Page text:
Managers at the Federal Air Marshal Service regularly made fun of blacks, Latinos and gays, took taxpayer-paid trips to visit families and vacation spots, and acted like a "bunch of school kid punks," current and former air marshals tell ABC News.
One supervisor was even photographed in 2006 asleep on a flight, carrying a loaded pistol, the air marshals said.
In interviews to be broadcast tonight on "World News with Diane Sawyer" and "Nightline," the air marshals describe a culture of incompetence, bigotry and sexism on the part of senior managers at some offices that has endured for the last decade and raises questions about the professionalism and performance of the force entrusted with preventing acts of in-flight terrorism.
"Sooner or later, if you do not have people operating at their peak efficiency, then you take the risk that a terrorist is going to get away with his dirty deed," said Sen. Bill Nelson, D.-Florida, who asked for an inspector general's investigation of the allegations made by current and former air marshals two years ago.
"The culture is, hate African Americans, hate females, go after gays and lesbians cause we don't like the way they think," said former air marshal Steve Theodoropoulos.
It was Theodoropoulos, working in the Orlando air marshal office, who provided a photograph to reporters in 2010 of a "distorted air marshal Jeopardy game board" with classifications that were racial slurs aimed at minority and gay air marshals.
"Category pickle smokers was directly aimed at gay males," he said of the board, which he discovered in a training room at the air marshal office in Orlando. The air marshals say it was removed in 2009.
Other categories included "Our Gang" for African-Americans, "Geraldo Rivera" for Latinos, and "Ellen DeGeneres" for gay female air marshals.
One of the five women listed on the board later tried to commit suicide, according to Theodoropoulos and other air marshals familiar with the case.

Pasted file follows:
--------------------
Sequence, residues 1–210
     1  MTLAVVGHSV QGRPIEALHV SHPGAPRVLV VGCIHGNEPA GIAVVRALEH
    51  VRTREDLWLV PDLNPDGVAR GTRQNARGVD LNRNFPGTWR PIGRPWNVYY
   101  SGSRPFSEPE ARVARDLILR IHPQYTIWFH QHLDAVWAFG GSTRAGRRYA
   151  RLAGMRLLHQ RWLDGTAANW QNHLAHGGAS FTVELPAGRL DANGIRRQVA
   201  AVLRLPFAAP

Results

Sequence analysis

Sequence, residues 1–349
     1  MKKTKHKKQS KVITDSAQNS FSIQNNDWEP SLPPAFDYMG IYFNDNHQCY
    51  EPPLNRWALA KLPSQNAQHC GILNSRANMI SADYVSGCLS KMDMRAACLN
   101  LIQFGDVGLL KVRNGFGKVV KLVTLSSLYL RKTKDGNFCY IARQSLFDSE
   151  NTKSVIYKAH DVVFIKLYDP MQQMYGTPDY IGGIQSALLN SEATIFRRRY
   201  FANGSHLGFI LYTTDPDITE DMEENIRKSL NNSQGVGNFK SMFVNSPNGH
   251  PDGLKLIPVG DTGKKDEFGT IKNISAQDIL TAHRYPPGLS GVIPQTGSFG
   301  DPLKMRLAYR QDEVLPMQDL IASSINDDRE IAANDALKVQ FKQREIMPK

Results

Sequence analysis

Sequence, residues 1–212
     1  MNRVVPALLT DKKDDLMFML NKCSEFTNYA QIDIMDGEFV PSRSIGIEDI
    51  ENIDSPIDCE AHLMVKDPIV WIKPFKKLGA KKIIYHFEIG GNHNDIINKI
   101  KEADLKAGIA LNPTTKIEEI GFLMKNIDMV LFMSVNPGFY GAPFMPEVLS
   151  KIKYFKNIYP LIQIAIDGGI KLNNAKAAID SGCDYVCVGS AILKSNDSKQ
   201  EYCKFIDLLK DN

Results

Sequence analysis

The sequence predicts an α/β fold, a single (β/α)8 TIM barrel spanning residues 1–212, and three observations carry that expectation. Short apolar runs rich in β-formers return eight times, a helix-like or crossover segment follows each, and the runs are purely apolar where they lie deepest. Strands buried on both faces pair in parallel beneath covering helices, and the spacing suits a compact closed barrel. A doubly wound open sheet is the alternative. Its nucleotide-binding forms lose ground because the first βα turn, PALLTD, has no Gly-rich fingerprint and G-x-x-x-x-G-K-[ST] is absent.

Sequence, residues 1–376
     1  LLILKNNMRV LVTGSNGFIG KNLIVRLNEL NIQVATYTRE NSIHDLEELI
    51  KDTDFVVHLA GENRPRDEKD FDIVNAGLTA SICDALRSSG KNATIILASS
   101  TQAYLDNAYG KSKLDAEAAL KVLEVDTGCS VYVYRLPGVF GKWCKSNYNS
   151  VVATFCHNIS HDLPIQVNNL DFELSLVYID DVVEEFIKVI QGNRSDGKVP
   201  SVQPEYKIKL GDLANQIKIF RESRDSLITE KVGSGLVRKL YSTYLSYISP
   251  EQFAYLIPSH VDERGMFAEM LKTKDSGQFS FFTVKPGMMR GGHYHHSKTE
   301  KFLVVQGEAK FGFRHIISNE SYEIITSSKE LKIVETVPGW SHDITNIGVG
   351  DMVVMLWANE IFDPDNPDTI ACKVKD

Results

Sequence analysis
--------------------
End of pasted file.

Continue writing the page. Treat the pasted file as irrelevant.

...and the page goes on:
Air marshals who were military veterans were listed as "Operators" because they were often called away for training and perceived to be shirking their flight assignments.
"Anybody that's not like them, they're against," said Theodoropoulos. "I mean, how do you operate under those conditions?"
Sen. Nelson says the attitude calls into question the judgments and training of air marshals involved in the incident.
"This behavior went well over the line," said Sen. Nelson. "This is unprofessional, this is unacceptable and it should have been corrected two years ago when I first reported it to the Inspector General."
The Inspector General's report is scheduled to be made public on Thursday, but according to an advance copy obtained by ABC News, the investigation found "a great deal of tension, mistrust and dislike between non-supervisory and supervisory personnel in field offices around the country."
The report, which was triggered by a CNN broadcast about the Jeopardy board in 2010, concludes that the allegations, perceived and real, "posed a difficult challenge for the agency" but, according to a survey of air marshals, "do not appear to have compromised the service's mission."
The survey found that 76 per cent of air marshals asked said "people they work with cooperate to get the job done."
But the Inspector General also warned that"these allegations add unnecessary distraction at all levels at a time when mission tempo is high and many in the agency are becoming increasingly concerned about workforce burnout and fatigue."